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Wash Hardcover – February 5, 2013
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Wrinkle’s debut novel tells the heartrending tale of life on a slave plantation in early nineteenth-century Tennessee, where the lives of two slaves, Wash and Pallas, intersect with that of Richardson, a land baron and Revolutionary War veteran. Richardson acquires Mena, already pregnant with Wash, at auction in 1796. From his earliest years, Mena tells her son stories of her West African homeland, determined that he grow up knowing who his people are. When debt threatens to overwhelm Richardson, who has been dabbling unsuccessfully in western land development, he decides to hire Wash out as a breeder, much like one of his horses, to neighboring slave owners. This proves to be a lucrative enterprise, but one that gradually breaks Wash’s spirit. Until he meets Pallas, a young woman with healing powers who reaches back to his West African roots to help him rise above his harsh surroundings. Wrinkle has written a remarkable first novel, one that will haunt readers with the questions it raises, and the disturbing glimpse it offers into an unfathomable world. --Deborah Donovan
Named a Best Book of 2013 by the Wall Street Journal
"A masterly literary work . . . Wrinkle’s novel does not allow us to draw easy correlations but invites us to consider the painful inheritance and implications of such a horrendous moment in American history. Rather than disapproving opprobrium and diatribes, this debut occasions celebration. Haunting, tender and superbly measured, Wash is both redemptive and affirming." Major Jackson, The New York Times Book Review
"[An] unflinching, stunningly imagined debut." Vanity Fair
"A marvel. By turns grim and lyrical, heart-wrenching and hopeful." People (four stars; a People Pick)
"A powerful novel." O, the Oprah Magazine (one of "Ten Titles to Pick Up Now")
"The voices of the past can't speak for themselves and must rely on the artists of the future to honor them. It's a profound responsibility and one that Margaret Wrinkle meets in her brilliant novel Wash. She shows not only the courage to submerge herself in the Stygian world of plantation slavery but also the grace and sensitivity to bring that world to life . . . Narrative roles are given to Wash, fellow slaves and his succession of masters, creating a dense, hypnotic ensemble of voices similar to the effect achieved in Peter Matthiessen's momentous retelling of the life of a Florida sugar plantation owner, Shadow Country . . . It's from patriarchs like Wash as well as like Richardson, Ms. Wrinkle shows, that the U.S. was born." Sam Sacks, The Wall Street Journal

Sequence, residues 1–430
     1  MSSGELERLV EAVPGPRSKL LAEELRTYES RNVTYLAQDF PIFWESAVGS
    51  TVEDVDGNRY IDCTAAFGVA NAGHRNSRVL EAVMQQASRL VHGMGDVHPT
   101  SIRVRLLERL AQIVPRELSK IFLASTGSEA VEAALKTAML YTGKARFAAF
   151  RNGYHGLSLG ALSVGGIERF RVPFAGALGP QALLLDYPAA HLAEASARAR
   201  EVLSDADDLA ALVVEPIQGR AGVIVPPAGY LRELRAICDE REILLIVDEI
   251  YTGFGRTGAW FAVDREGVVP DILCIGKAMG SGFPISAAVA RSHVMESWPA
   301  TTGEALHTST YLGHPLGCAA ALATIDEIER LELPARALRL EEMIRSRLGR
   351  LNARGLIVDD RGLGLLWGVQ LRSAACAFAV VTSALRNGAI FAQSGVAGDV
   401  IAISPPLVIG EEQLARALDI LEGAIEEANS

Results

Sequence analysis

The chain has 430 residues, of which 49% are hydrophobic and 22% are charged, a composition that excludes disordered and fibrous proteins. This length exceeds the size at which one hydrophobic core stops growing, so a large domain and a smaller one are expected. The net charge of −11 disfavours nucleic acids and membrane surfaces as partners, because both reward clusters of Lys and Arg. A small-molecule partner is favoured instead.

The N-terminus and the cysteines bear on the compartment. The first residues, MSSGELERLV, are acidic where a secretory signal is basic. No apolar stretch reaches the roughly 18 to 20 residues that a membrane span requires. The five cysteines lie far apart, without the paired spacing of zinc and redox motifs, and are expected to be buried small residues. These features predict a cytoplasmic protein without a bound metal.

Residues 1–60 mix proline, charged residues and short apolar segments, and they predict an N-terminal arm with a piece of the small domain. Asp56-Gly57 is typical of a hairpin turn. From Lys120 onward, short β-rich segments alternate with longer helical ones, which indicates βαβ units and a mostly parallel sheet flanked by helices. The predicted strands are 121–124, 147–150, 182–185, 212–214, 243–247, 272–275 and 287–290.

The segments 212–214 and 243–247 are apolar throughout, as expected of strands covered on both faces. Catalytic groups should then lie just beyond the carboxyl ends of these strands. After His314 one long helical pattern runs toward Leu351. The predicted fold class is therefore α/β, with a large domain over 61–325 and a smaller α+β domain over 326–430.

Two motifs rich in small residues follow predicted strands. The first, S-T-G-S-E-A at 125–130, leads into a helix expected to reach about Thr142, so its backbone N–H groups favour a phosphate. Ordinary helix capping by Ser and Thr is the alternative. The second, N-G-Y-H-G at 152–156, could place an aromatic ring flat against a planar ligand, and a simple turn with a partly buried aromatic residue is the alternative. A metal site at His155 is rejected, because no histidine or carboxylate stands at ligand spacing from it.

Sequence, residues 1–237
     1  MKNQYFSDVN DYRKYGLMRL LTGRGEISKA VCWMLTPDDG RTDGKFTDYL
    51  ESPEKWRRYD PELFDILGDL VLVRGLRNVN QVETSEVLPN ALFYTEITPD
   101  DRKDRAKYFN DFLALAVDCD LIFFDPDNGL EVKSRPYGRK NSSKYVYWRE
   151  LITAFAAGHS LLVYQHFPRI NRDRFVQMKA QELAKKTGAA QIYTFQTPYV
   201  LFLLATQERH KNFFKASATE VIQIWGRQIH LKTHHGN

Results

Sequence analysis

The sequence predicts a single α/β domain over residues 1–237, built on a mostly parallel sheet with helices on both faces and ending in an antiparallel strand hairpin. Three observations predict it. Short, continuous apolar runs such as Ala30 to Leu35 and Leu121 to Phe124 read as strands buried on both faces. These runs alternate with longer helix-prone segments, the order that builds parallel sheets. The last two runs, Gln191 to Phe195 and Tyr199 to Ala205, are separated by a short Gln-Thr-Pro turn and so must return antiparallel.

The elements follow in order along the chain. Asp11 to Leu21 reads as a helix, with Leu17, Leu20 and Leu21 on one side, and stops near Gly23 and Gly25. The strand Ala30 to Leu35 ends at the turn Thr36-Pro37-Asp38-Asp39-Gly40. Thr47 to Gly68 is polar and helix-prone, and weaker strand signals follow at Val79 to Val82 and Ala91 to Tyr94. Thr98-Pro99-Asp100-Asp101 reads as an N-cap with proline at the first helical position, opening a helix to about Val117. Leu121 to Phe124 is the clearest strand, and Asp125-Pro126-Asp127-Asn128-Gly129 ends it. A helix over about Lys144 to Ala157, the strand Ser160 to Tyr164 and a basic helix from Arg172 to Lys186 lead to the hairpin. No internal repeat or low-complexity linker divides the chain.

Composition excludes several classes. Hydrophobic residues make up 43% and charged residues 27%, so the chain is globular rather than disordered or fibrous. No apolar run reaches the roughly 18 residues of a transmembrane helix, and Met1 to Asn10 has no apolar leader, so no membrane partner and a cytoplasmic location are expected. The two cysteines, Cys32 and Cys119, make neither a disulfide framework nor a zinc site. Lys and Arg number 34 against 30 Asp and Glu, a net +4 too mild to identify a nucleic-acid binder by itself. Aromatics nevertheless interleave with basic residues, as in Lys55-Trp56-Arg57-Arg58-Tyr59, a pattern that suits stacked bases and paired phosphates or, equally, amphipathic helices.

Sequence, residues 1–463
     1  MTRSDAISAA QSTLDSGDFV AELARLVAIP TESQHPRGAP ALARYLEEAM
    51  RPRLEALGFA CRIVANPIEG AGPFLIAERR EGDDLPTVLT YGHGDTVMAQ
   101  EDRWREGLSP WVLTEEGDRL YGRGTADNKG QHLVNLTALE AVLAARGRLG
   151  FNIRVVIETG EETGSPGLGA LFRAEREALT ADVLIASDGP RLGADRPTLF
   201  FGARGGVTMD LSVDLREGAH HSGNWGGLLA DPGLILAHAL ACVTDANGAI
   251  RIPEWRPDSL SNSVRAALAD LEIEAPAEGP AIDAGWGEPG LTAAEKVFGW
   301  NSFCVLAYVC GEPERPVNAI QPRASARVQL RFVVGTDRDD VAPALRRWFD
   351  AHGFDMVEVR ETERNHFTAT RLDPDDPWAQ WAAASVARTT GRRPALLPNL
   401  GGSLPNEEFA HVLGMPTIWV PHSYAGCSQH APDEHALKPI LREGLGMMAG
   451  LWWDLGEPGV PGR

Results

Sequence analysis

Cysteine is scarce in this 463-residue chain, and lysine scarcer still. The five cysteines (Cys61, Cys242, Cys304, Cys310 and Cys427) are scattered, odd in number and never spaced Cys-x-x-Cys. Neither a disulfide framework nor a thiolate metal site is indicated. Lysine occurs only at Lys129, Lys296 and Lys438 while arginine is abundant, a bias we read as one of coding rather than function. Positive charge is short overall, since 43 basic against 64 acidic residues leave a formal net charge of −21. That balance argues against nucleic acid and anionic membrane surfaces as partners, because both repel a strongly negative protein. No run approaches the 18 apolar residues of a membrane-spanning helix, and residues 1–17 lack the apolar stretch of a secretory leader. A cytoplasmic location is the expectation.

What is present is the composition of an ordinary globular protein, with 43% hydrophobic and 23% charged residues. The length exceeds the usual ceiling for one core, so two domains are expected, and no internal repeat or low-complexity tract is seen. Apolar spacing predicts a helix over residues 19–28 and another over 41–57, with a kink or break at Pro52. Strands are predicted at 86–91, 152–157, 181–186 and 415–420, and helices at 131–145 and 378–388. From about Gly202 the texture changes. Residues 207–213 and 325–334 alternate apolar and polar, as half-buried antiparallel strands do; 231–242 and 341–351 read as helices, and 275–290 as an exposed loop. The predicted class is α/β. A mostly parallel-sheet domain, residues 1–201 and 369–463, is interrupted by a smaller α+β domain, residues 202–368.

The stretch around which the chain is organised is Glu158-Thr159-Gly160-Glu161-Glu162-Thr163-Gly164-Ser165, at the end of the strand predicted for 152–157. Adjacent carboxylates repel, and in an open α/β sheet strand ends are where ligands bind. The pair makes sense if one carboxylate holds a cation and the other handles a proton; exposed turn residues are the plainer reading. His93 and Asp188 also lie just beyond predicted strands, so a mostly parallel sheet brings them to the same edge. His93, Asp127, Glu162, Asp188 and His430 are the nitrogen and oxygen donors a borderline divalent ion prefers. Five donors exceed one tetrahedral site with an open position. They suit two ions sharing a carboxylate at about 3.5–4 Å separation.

"Amazing . . . Never has a fictionalized window into the relationship between slave and master opened onto such believable territory . . . Wash unfolds like a dreamy, impressionistic landscape . . . [A] luminous book." Atlanta Journal Constitution
"A lyrical story of courageous human beings transcending the cruelty and degradation of their slave-holding society." The Dallas Morning News
"The history of the South provides plenty of tense, complicated material. Even subjects we think we know well can often reveal new stories in the hands of a talented author. Margaret Wrinkle's debut novel Wash is one of those stories." Jackson Free Press
"[A] profound debut novel that takes readers on a journey into a past that left an inevitable mark in America’s history . . . Wash is a powerfully haunting tale about the captor and captive. It offers a look at both through their own narrative form expressing their true feeling." Birmingham Times
"Wash achieves something extraordinary: a full-fledged confrontation with one of the most difficult aspects of our nation’s history. . . . Wrinkle has given us an honest and important expression of hope . . . a firm foothold that leads in the direction of truth and reconciliation. We would do well to take this step." The Post and Courier
"[Wrinkle] plumbs beyond the brutality and into the wisdom of the ages to compose an elegiac yet surprisingly uplifting portrait of the resilience of the human spirit. . . . Wash is a solemn and magnificent paean to the survivaleven amid the most crushing, inhumane conditionsof the special and eternal essence within every soul." Shelf Awareness
"In this deeply researched, deeply felt debut novel, documentarian Wrinkle aims a sure pen at a crucial moment following America’s War of Independence. . . . The novel well evokes the tragedy not only of [its] lovers’ untenable positions, but also that of their master and his fragile country." Publishers Weekly (starred review)
"Wrinkle bears witness to the inhumanity of slavery . . . A moving and heart-rending novel." Kirkus Reviews